The latest patient satisfaction results released late in 2011 by the Department of Health record a steady improvement in the performance of Central Gippsland Health Service.
The patient satisfaction survey for the Sale and Maffra campuses of the Health Service showed that, from the patient perspective, services had improved compared to the previous survey.
The Health Service also recorded higher than average ratings in all areas when benchmarked with other hospitals in its category.
Central Gippsland Health Service Chief Executive Officer Dr Frank Evans said the patient satisfaction monitor was an important tool for the Board, management and staff.
“We are continuing to develop our services on the principle that the patient should be at the centre of care provision,” Dr Evans said. “The results of the patient satisfaction survey show that we are performing quite well and, just as importantly, it tells us about the areas in which we can improve.
“As part of our current planning and service implementation we are able to use these results and comments of our patients and work towards further improvement.”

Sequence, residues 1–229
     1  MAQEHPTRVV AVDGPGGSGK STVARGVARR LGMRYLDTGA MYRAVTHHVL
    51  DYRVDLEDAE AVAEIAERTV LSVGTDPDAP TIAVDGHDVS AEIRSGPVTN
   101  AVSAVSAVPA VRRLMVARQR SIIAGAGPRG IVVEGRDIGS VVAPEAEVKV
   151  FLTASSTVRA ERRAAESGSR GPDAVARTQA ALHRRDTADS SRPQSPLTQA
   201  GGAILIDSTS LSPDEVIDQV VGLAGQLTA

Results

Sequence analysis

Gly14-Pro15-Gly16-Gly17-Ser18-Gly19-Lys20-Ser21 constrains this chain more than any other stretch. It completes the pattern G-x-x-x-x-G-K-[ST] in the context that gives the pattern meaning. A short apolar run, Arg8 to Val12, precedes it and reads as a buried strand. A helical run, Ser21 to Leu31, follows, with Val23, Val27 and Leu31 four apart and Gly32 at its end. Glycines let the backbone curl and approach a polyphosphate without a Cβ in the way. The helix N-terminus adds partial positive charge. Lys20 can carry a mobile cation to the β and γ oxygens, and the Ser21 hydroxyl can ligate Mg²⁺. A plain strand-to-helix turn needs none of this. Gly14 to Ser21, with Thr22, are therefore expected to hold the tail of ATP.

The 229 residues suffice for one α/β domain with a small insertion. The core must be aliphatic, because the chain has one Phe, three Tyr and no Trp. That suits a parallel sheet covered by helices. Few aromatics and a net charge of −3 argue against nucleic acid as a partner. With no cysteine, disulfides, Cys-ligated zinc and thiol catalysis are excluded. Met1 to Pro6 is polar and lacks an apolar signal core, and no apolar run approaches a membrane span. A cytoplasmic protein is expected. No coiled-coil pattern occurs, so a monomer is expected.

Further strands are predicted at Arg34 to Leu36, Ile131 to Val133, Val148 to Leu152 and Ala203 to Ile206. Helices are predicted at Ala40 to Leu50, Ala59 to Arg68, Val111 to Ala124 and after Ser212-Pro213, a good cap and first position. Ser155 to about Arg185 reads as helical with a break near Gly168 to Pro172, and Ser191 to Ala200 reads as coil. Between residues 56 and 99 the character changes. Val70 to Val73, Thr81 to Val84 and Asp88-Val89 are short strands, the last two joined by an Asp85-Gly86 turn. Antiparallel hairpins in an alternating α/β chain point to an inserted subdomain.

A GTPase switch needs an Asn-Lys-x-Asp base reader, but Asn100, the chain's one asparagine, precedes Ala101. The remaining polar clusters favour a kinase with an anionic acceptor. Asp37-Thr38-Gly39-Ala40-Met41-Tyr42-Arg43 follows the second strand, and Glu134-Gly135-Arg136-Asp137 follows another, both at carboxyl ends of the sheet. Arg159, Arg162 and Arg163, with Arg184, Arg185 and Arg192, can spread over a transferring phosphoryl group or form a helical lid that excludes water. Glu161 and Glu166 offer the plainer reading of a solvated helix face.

The survey was undertaken from January until June this year. The survey report said: “Central Gippsland Health Service [Sale and Maffra Campuses] scored statistically significantly higher than the Category B average for all performance indices as well as the Consumer Participation Indicator.
“There were slight increases seen across many performance measures. Patients were very satisfied with most aspects of their stay at Central Gippsland Health Service, Sale and Maffra Campuses (and) the hospital is typically performing above the Category B average.”
The report added that the majority of patients reported that they were helped a great deal by their stay in hospital and felt that the length of time spent in hospital was about right.
“Especially high performance scores were obtained for the ‘Courtesy of nurses’, ‘Personal safety’, ‘Being treated with respect’, ‘Helpfulness of hospital staff in general’ and ‘Courtesy of doctors’ items. Scores for three of these items were also highly correlated with overall satisfaction, making them key drivers of satisfaction.”
The lowest scoring items – although still above average compared to similar hospitals – included written information about home management; the way staff involved patients in decisions; and explanation of medicines to take after discharge. “Targeting quality improvement efforts toward these areas are likely to have the greatest impact on overall satisfaction,” the report said.
Dr Evans added those were areas that the Health Service would focus on, while continuing to seek ongoing improvements in all areas.